The Sign of Four - David Timson,  Arthur Conan Doyle Another great adventure - murder by poison dart, a hidden treasure, and one of the criminals actually has a wooden leg! A triumph for Holmes and a romance for Dr. Watson. This book was better constructed than A Study in Scarlet, with the "explanation" limited to a chapter near the end which was better integrated into the main story.

David Timson's expert reading brings it all to life, making this a truly 4-star experience.
The Painted Veil - W. Somerset Maugham The Painted Veil is a fascinating character study, simply presented and wonderfully concise (at a little over 200 pages). It is the story of pretty, selfish, vacuous Kitty Fane, who marries a man she doesn't love and suffers the consequences.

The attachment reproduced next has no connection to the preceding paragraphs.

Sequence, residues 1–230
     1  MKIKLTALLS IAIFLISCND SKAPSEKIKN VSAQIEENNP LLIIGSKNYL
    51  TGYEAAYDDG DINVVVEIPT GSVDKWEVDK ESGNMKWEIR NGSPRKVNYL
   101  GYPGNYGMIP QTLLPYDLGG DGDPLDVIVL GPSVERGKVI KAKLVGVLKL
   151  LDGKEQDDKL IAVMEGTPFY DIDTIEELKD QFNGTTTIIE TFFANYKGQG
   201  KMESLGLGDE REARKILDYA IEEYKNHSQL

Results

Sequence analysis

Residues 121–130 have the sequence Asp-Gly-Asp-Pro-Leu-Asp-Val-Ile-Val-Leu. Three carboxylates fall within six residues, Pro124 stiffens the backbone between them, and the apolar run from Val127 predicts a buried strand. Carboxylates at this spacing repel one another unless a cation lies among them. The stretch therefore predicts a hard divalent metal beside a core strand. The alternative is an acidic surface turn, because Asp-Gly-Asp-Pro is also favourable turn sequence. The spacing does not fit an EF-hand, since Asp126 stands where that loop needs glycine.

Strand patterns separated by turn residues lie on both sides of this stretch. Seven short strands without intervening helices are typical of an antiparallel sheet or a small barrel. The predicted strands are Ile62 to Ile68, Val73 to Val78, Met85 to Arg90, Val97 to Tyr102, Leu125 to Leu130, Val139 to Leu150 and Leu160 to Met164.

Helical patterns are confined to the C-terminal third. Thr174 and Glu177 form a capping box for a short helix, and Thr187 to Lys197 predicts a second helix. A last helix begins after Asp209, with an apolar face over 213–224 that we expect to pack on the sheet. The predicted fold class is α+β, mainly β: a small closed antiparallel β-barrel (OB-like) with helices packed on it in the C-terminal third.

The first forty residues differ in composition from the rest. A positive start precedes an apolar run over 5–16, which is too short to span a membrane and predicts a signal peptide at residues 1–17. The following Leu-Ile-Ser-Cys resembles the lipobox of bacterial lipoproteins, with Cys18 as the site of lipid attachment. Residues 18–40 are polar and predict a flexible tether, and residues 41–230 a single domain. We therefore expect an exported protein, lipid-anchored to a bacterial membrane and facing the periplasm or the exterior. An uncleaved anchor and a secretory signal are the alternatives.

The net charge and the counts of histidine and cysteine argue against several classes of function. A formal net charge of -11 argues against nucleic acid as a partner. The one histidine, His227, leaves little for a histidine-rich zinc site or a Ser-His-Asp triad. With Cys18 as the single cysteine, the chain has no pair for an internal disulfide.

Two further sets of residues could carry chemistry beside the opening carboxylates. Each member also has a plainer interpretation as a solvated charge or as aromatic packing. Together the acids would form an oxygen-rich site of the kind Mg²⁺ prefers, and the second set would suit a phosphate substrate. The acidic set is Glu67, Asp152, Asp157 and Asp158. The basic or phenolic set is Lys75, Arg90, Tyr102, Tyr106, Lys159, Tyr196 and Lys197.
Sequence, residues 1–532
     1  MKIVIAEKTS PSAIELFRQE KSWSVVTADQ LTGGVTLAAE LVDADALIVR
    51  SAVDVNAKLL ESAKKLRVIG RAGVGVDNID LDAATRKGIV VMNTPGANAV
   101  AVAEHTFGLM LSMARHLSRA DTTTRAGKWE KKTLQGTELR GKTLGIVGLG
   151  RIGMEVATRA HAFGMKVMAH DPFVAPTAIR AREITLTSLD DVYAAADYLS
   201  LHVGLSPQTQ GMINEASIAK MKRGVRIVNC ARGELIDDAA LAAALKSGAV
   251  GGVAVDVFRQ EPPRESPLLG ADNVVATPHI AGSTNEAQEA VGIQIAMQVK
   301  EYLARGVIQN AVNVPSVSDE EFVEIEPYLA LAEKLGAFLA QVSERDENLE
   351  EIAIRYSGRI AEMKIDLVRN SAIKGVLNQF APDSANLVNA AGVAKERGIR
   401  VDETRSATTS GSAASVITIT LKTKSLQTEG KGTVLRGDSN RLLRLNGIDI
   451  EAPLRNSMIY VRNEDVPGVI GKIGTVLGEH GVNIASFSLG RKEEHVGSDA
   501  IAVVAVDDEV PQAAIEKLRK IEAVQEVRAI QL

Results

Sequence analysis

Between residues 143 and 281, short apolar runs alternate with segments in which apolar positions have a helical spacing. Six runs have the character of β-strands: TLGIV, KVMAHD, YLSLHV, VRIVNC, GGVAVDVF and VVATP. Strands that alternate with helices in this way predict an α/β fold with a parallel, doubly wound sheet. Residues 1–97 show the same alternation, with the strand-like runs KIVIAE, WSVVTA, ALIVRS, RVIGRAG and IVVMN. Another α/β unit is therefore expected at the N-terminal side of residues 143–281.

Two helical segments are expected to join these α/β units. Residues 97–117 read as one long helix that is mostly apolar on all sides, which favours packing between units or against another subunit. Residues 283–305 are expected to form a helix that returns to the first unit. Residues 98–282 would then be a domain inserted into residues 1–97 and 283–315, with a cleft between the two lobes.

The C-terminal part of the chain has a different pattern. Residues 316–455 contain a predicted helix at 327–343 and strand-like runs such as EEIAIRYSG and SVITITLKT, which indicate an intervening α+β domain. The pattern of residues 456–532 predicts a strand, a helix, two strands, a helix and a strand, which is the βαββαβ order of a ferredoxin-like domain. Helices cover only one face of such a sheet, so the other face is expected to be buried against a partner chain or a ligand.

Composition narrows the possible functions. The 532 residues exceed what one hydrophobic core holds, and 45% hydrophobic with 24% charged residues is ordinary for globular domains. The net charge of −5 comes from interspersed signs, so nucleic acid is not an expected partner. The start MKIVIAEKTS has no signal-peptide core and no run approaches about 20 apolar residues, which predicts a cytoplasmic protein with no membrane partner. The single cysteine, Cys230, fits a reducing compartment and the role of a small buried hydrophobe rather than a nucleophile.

Kitty’s husband is Dr. Walter Fane, a bacteriologist posted in Hong Kong. He is a researcher and a highly intelligent man, but shy and socially inept. His love for Kitty is an overwhelming passion that drives him to overlook her flaws and marry her against his better judgment.

In Hong Kong, Kitty has an affair with Charles Townsend, assistant colonial secretary and a married man. When Walter finds out, he presents her with a shocking ultimatum – either Townsend must agree to divorce his wife and marry Kitty, or Kitty must accompany Walter to the interior of China (Mei-tan-fu) where a cholera epidemic is raging. Of course, Walter has already sized-up Townsend and knows he will never sacrifice his career. But poor, silly Kitty is taken completely by surprise.